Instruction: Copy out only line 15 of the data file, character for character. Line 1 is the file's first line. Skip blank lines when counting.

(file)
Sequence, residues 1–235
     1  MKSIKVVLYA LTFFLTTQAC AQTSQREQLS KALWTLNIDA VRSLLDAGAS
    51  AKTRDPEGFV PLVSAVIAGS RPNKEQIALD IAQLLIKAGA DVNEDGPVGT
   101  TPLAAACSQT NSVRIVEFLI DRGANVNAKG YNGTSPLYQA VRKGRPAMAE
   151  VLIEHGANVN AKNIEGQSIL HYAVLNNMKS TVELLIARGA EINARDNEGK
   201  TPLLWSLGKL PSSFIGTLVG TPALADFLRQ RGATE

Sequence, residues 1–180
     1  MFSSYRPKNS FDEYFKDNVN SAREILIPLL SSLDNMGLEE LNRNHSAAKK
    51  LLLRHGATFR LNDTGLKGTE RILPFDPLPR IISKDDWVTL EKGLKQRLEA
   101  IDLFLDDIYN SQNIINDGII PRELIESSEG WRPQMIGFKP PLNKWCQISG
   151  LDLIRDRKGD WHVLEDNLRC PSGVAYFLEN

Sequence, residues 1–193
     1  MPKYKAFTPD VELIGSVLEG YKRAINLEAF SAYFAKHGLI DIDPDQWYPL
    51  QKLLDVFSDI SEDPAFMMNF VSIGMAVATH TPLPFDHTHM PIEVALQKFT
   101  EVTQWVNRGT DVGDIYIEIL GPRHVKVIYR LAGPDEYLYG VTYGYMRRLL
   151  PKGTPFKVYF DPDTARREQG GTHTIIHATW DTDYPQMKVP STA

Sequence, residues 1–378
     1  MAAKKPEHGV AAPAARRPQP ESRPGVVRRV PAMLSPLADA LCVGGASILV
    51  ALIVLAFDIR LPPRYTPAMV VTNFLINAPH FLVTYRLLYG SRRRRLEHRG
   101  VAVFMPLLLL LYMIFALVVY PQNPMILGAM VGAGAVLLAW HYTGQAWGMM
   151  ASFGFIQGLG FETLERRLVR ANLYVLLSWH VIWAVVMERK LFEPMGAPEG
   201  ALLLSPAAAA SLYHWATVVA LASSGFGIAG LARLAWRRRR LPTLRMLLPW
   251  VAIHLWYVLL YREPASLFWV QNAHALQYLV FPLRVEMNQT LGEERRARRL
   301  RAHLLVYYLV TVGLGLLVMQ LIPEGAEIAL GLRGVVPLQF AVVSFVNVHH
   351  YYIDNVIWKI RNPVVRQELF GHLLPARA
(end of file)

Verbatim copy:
   101  EVTQWVNRGT DVGDIYIEIL GPRHVKVIYR LAGPDEYLYG VTYGYMRRLL